Between her and her identical twin sister, Philadelphia Effington has always been considered the more sensible one. No one ever thought she would do anything remotely questionable, but longing for a grand adventure, she proved them all wrong by being caught up in her romanticism and marrying a man she hardly knew, only to have her husband go missing a mere few days after saying their vows. Everyone believes he died when a ship he was traveling on sank, so Delia has spent the last six months at her aunt's house in the borderlands. She's supposed to be grieving, but since she never truly loved her husband - something that she feels terribly guilty for - it's been more an exercise in hiding out from the gossip-mongers. Now she has bravely returned to London and taken up residence in her husband's house with plans to use her newly independent status as a widow to become a "woman of experience." When Delia attends a ball in her twin's stead, she meets the stunningly handsome Viscount St. Stephens, who sweeps her off her feet with his charm and arouses her passion. But what will he think when he discovers that she's not the woman he thought she was?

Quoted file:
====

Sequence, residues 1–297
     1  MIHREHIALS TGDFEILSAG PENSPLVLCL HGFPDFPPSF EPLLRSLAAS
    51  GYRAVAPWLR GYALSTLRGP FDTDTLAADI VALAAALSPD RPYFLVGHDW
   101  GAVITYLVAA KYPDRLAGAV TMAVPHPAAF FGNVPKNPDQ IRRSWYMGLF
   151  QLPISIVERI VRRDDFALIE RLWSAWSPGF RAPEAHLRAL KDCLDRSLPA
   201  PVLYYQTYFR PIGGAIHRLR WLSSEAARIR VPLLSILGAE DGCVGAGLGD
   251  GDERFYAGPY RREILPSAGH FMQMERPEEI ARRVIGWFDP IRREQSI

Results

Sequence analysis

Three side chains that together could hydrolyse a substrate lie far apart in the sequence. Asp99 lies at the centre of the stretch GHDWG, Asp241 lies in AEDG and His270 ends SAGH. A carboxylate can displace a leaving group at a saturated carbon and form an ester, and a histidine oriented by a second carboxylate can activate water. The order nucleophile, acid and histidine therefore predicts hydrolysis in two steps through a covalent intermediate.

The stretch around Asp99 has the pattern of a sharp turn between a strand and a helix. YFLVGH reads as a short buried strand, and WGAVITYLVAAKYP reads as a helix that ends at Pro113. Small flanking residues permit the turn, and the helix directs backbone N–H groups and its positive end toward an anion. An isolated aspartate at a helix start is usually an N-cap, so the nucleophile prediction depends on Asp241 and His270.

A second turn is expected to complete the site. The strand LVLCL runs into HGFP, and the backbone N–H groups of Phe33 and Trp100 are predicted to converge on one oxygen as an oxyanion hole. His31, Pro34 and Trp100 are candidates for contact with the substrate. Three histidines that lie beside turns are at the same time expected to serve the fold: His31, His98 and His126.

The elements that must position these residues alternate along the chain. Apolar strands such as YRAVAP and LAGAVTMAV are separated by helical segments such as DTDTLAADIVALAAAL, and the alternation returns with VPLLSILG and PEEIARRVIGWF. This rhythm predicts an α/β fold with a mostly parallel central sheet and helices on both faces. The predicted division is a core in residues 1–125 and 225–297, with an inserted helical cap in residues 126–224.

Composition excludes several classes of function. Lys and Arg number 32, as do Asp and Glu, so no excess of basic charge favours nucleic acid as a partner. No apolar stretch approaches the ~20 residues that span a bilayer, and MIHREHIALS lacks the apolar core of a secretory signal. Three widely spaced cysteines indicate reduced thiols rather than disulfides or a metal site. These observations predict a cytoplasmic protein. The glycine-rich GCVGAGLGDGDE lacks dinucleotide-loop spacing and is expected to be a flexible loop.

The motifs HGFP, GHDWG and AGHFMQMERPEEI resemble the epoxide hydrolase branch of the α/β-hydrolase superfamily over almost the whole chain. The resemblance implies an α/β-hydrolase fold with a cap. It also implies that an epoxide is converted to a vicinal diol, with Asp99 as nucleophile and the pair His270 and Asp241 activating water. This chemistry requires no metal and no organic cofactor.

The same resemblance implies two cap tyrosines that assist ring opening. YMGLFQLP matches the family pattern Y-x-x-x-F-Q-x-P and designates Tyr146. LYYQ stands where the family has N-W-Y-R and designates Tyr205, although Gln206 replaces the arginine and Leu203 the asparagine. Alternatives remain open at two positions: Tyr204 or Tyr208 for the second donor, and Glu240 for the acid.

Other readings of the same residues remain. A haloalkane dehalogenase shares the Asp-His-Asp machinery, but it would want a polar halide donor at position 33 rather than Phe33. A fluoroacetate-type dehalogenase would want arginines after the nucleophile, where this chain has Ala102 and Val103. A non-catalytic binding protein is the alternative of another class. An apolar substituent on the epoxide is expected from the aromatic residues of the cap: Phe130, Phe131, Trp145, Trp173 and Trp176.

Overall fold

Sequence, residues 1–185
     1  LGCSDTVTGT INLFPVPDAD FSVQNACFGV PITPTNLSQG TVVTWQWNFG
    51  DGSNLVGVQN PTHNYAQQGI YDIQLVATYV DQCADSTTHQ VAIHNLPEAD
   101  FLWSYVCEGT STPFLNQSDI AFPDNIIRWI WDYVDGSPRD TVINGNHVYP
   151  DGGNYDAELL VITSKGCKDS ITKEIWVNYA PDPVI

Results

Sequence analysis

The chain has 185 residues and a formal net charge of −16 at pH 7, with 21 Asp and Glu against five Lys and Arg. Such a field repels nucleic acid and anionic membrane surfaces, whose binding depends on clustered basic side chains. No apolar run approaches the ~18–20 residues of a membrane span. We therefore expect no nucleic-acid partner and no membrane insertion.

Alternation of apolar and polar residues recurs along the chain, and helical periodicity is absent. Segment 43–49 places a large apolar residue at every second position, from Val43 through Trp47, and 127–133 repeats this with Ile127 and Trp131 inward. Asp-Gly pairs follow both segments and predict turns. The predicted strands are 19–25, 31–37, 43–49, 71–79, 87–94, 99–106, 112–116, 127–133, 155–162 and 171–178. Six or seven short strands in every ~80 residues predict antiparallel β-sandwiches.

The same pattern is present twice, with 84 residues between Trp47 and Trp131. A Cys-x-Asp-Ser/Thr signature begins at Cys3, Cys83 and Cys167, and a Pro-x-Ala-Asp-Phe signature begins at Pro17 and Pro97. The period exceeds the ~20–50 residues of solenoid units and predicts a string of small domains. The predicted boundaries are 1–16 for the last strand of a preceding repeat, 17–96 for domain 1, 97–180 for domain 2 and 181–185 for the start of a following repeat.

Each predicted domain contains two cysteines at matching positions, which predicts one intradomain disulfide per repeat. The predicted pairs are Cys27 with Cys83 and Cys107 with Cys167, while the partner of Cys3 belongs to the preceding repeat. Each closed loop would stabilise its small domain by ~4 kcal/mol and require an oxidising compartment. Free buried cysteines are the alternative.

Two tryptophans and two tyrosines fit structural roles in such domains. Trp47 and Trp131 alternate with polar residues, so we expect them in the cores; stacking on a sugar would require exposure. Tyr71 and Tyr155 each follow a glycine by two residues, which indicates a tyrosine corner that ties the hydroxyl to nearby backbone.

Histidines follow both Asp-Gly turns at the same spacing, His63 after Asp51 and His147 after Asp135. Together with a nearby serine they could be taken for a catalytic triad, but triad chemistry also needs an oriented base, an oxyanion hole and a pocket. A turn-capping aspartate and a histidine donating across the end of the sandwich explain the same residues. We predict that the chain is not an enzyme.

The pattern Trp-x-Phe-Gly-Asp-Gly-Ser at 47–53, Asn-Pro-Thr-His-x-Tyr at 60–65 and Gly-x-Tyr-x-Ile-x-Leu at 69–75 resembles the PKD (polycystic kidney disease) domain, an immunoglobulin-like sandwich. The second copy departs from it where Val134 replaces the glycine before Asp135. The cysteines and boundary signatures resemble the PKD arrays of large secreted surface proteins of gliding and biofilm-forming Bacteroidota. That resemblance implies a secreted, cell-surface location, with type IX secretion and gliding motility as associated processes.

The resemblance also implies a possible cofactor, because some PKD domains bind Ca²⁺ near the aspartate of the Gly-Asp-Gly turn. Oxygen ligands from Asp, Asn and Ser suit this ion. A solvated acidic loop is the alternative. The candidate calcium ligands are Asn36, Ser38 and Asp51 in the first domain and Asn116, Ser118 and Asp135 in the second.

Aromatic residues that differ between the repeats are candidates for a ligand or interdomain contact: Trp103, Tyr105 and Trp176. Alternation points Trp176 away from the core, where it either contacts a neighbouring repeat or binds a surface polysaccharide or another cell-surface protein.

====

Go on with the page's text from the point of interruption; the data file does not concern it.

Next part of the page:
Anthony St. Stephens is an agent of the Crown, and little does Delia know that her husband, who was also Tony's best friend, was as well. The rest of the world may think that the man perished at sea, but Tony and his fellow agents know otherwise. In fact, he was about to make an exchange for some incriminating documents when he went missing. Then his townhouse was found ransacked. Believing that Delia needs protection, Tony is given the undercover assignment to look after her. He masquerades as Gordon, her elderly butler, and is in charge of several fellow agents who are also working incognito as her servants. In disguise as Gordon, Tony befriends Delia, helping her to put her dead husband's affairs in order and simply lending an ear to listen to the lonely widow's troubles. As St. Stephens, he courts Delia, romancing her with the grand adventures she craves, while discovering the passionate and free-spirited woman no one else recognizes. But when his two personae collide and Delia learns the truth, will she be able to forgive him for the deception?